David Sinclair is a gerontologist (scientist who studies aging) from the University of New South Wales. He has been leading a team of researchers attempting to slow or stop the degenerative effects of aging in mice.
Sinclair was optimistic about their most recently tested compound, but even he was shocked by how successful it was:
“I’ve been studying aging at the molecular level now for nearly 20 years and I didn’t think I’d see a day when aging could be reversed. I thought we’d be lucky to slow it down a little bit. The mice had more energy, their muscles were as though they’d be exercising and it was able to mimic the benefits of diet and exercise just within a week. We think that should be able to keep people healthier for longer and keep them from getting diseases of aging.”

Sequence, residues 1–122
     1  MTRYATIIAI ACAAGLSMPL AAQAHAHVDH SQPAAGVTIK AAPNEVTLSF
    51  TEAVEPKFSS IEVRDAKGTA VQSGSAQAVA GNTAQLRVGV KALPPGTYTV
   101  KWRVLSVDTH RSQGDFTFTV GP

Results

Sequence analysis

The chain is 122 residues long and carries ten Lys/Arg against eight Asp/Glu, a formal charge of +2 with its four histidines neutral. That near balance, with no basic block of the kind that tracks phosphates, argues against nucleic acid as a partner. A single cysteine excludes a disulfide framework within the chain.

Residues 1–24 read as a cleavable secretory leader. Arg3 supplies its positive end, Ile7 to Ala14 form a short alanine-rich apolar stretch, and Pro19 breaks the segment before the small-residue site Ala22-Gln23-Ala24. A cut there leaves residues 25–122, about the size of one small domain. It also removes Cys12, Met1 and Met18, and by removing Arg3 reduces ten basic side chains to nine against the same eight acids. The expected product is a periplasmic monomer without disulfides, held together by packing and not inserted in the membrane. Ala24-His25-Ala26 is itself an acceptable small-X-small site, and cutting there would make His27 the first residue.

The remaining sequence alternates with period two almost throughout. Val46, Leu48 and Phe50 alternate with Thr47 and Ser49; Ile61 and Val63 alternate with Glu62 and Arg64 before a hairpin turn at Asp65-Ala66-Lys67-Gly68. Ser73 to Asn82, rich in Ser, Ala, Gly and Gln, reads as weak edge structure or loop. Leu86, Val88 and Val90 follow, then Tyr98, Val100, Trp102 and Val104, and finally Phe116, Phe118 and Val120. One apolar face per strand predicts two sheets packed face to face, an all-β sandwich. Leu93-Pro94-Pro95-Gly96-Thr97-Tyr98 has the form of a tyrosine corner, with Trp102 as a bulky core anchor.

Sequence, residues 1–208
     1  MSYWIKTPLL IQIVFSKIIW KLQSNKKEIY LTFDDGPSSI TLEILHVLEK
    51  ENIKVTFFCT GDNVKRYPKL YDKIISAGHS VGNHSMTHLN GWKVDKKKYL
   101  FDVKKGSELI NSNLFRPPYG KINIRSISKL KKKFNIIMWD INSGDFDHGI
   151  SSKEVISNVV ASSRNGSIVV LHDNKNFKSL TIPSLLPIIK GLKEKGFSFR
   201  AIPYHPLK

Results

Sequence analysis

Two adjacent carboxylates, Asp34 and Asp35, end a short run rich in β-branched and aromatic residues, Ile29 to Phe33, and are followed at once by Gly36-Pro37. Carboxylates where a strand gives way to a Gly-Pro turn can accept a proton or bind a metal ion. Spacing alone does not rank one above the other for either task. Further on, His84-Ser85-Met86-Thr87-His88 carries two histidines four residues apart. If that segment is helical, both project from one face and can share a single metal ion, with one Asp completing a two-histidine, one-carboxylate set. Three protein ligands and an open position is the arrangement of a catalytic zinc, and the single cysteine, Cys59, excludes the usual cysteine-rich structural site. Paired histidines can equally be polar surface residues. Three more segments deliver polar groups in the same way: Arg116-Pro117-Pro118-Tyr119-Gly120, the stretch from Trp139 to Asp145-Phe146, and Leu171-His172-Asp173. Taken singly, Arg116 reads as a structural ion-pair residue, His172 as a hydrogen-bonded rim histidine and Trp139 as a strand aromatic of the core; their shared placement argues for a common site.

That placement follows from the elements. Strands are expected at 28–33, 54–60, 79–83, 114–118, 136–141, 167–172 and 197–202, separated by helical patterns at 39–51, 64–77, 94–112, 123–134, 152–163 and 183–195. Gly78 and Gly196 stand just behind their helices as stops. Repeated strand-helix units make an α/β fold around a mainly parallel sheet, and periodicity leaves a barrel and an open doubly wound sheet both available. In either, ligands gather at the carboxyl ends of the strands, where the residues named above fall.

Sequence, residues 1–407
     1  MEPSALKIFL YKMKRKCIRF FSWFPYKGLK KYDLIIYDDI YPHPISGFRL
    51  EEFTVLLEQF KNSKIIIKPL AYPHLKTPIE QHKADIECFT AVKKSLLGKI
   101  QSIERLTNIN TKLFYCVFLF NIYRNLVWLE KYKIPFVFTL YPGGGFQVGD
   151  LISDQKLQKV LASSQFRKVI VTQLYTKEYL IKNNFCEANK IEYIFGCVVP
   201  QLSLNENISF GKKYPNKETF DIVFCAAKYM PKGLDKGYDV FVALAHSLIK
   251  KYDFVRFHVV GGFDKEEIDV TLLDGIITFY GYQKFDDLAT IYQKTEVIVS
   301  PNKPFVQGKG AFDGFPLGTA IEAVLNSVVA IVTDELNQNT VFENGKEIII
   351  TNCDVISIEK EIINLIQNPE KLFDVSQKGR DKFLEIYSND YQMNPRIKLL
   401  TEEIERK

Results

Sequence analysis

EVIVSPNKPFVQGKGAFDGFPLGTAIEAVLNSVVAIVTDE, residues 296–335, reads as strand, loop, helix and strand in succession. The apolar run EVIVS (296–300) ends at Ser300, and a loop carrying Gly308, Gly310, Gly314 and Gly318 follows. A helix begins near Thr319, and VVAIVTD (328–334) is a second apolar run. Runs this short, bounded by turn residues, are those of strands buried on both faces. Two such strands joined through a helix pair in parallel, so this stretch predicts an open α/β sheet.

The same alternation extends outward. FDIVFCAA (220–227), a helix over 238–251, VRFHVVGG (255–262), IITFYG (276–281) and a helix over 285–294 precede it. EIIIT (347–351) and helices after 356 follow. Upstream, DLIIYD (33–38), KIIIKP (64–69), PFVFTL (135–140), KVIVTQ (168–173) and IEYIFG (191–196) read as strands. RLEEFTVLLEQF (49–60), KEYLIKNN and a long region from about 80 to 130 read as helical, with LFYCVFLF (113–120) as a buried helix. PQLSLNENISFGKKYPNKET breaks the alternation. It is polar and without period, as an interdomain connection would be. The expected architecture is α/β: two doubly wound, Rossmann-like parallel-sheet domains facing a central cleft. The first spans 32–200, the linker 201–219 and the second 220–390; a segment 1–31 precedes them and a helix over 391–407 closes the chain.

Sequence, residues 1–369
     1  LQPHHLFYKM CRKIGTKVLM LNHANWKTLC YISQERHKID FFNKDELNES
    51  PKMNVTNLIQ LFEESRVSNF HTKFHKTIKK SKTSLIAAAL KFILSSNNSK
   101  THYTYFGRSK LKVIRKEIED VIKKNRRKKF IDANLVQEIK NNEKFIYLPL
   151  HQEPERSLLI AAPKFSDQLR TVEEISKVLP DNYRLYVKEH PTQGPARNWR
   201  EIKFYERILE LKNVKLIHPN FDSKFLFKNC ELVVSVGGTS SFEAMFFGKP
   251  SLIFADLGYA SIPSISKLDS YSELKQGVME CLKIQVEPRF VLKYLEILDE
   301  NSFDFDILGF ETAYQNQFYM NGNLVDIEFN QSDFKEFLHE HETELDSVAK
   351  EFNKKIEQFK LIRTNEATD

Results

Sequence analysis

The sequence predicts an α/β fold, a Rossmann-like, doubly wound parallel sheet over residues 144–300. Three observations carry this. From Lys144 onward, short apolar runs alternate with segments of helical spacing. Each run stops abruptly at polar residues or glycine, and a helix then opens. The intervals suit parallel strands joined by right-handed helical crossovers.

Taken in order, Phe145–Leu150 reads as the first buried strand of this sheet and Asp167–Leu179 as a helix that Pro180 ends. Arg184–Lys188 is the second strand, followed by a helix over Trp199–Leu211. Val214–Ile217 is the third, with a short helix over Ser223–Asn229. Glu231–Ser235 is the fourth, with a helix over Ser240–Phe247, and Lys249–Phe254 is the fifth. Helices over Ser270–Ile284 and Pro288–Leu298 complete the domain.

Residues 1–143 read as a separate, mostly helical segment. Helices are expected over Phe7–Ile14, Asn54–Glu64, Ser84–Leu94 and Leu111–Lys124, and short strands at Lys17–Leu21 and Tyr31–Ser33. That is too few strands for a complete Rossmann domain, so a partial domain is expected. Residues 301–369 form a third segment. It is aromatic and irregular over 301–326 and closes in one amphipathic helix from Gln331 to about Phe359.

The compound toned the mice’s muscles as if they had been exercising, reduced inflammation (one of the biggest factors in age-related health issues) and drastically reduced insulin resistance, which naturally increases as we grow older.
The researchers compared the effect observed in the mice to a 60-year old person suddenly having the muscle tone and energy of a person in their 20s. More impressively, these results were seen in only one week.
One of the keys to the success of the anti-aging compound was that it raised levels of nicotinamide adenine dinucleotide. This substance is naturally produced in our bodies, and decreases with age. It decreases more slowly, however, in people who maintain a healthy diet and exercise regularly.
Sinclair hopes to begin testing the compound on humans soon, but says he must raise more funding before he can set an official start date for these human trials.
Read the full story from The Guardian Liberty Voice here.
Also, check out David Sinclair’s awesome TED talk on this topic from last year: